Hello, I'm a french bento addict, and I want to know where we can bye the 3-tier square bento (like a tiffin). I'm very interested by this box^^.

Re: April bento product highlights

Hi Figolu, you can buy it from J Flair Homestyles here.

Re: April bento product highlights

Nice post =) thank goodness the Bento&co is now in English! My French is so rusty!

Re: April bento product highlights

Those pocket sandwich makers remind me of this:
http://www.smuckers.com/products/category.aspx?groupId=3&categoryId=46

Re: April bento product highlights

I love all the products you have here! I like the ojue bento boxes and the boxes with the cooling gel inside! The 3-tier colored ones look wonderful, too. Next spring I'm going to Japan for the first time, and I want to pick up some stuff for bento boxes (and a few dvds/cds that might be cheaper there). I'm going to Akita, but my boyfriend's brother lives in Tokyo, and I'm sure we'll visit him. His wife's name is also Mayumi!

Re: April bento product highlights

For anybody living in the Netherlands reading this who's interested in the tiffin-style box: Hema sells them for approx. EUR 15.

I really like the Bento Colors box and the Ojue box - sleek and modern. Unfortunately I already have more boxes than I know what to do with as it is...

Re: April bento product highlights

Lovely collection. Especially the Ojue and the Bento Colors. Would love the latter as I always have to put my boxes sideways to go into my slim rucksack and sometimes things fall from one section into another (sometimes this is good, as some almonds ended up in my avocado and rice and umeboshi today and it went quite well! I think I will have to wait until Bento Colors is here though as we do get wacked by import tariffs and rather strange 'administration charges' if bringing from outside the EU. (UK)

Re: April bento product highlights

Oh, the colorful bento temptation! My collection is getting out of hand, but I do like the plain boxes and their potential. I might make a tutorial on how to decoupage one of those so you get a stylish box at a very low price.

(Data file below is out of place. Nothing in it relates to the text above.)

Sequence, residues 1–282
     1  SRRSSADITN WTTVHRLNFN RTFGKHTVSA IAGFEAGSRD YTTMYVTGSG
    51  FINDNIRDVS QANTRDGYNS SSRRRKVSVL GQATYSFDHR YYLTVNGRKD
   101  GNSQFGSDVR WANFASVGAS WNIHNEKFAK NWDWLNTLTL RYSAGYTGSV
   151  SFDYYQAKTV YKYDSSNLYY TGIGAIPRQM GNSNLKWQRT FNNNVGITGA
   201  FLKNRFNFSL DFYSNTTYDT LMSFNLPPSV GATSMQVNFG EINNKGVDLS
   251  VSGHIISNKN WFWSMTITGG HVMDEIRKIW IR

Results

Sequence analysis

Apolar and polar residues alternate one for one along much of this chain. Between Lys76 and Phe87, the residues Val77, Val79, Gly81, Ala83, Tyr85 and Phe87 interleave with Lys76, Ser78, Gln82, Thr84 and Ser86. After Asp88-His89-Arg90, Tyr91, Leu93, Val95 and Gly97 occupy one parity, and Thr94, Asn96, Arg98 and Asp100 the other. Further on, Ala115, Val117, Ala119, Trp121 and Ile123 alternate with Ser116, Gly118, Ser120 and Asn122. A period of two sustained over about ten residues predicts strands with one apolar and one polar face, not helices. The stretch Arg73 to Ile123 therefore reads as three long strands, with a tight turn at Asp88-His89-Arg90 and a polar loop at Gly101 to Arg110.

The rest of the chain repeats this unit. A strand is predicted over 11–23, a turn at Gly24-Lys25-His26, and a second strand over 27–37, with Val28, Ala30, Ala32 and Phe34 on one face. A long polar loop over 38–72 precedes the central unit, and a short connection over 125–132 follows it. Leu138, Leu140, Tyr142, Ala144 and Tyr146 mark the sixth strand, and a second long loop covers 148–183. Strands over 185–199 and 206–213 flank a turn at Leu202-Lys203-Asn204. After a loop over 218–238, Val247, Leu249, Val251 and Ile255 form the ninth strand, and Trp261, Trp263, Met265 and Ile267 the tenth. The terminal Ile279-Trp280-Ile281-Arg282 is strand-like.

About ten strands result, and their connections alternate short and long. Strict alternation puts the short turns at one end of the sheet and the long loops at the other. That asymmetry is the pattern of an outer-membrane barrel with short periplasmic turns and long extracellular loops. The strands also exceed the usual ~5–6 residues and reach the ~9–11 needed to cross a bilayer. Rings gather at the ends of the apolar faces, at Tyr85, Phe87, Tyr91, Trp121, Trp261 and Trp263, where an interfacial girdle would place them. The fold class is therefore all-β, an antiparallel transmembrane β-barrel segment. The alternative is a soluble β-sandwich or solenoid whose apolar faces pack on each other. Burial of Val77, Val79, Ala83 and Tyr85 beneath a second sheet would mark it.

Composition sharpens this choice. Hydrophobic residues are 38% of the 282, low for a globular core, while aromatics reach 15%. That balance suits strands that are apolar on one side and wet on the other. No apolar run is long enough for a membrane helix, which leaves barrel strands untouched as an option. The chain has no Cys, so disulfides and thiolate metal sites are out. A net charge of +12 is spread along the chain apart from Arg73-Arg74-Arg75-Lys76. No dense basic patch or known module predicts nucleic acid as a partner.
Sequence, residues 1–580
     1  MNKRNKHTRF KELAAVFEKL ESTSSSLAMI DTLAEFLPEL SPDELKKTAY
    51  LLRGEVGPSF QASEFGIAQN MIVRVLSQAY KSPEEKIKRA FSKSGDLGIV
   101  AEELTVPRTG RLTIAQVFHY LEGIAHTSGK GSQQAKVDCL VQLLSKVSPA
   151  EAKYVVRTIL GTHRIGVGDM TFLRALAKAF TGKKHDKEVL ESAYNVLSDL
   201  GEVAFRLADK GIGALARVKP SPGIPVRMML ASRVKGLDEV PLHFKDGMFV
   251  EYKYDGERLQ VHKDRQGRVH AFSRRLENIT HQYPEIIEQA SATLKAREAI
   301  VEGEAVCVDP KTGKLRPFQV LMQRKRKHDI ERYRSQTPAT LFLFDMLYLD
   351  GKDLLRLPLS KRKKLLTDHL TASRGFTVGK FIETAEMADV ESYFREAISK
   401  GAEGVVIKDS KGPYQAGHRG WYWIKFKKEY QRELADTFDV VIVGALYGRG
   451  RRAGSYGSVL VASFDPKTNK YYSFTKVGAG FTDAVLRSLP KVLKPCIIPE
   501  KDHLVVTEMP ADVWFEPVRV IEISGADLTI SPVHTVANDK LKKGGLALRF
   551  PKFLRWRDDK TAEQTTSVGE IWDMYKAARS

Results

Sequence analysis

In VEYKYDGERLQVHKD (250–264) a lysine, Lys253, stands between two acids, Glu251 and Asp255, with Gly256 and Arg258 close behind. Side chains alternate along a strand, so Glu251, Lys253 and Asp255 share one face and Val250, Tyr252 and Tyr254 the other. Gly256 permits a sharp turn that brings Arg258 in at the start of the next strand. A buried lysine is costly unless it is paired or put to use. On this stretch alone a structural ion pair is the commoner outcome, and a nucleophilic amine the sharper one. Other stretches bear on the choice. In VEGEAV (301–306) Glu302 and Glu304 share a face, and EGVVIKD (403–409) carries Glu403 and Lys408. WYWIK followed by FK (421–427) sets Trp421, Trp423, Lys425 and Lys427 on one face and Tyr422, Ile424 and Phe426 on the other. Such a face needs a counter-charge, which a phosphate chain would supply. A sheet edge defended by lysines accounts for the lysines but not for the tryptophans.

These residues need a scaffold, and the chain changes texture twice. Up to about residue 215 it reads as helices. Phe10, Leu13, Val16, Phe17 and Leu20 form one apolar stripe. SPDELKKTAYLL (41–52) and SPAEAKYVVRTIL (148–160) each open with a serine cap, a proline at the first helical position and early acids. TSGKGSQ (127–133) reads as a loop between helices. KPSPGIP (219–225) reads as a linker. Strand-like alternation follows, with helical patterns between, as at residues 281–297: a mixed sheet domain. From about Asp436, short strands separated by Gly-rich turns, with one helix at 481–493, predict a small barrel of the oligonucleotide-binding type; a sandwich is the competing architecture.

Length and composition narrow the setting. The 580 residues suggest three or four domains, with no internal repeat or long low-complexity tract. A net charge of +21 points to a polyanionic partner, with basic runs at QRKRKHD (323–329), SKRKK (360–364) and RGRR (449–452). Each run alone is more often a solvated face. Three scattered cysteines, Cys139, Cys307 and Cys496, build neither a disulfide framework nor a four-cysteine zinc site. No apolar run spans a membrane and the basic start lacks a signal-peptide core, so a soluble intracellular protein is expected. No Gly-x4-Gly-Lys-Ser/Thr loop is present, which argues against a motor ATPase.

Re: April bento product highlights

Thanks to the recent competition and 20% discount, I've ordered one of the Bento Colours boxes. :) Fingers crossed it gets here safely!

What to do with leftovers from carrot stars & no crust sando's?

I was wondering, in this post and in general, what do you do with the crust or star carrot leftovers since Japanese have always been good on using leftovers in creative ways to conserve waste pollution?

Re: What to do with leftovers from carrot stars & no crust ...

Well, I'm afraid to say that "Japanese have always been good on using leftovers in creative ways to conserve waste pollution" is a bit of an exaggeration or myth these days (sort of along the lines of "French women don't get fat and are all chic" or "all Americans are rich and own two cars" or something), but you can see one way of using up the leftover bits of vegetable cut-outs in this bento. A past generation of frugal Japanese housewives used to dry the crusts of bread and turn them into breadcrumbs, or fry them up, coat with with sugar and turn them into snacks and so on.

Re: What to do with leftovers from carrot stars & no crust ...

When I was a kid, my mom would usually just throw leftovers into an omelette. I have recently started doing this, especially since I'm into bento-making and bento-making accumulates awkwardly shaped food.

Leftover omelette is particularly funny in my family because if you pronounce omelette in a different way, it'll come out as "umulet" which is Filipino for "repeated". Food pun! ^_^

Something i love

I love little egg molds for my bentos hard boiled eggs >.<. Just something that makes lunch a littl bit more cute! XD my couisin and i did them (hes 5) and he loved the fact that he could make is harboiled egg look like a bunny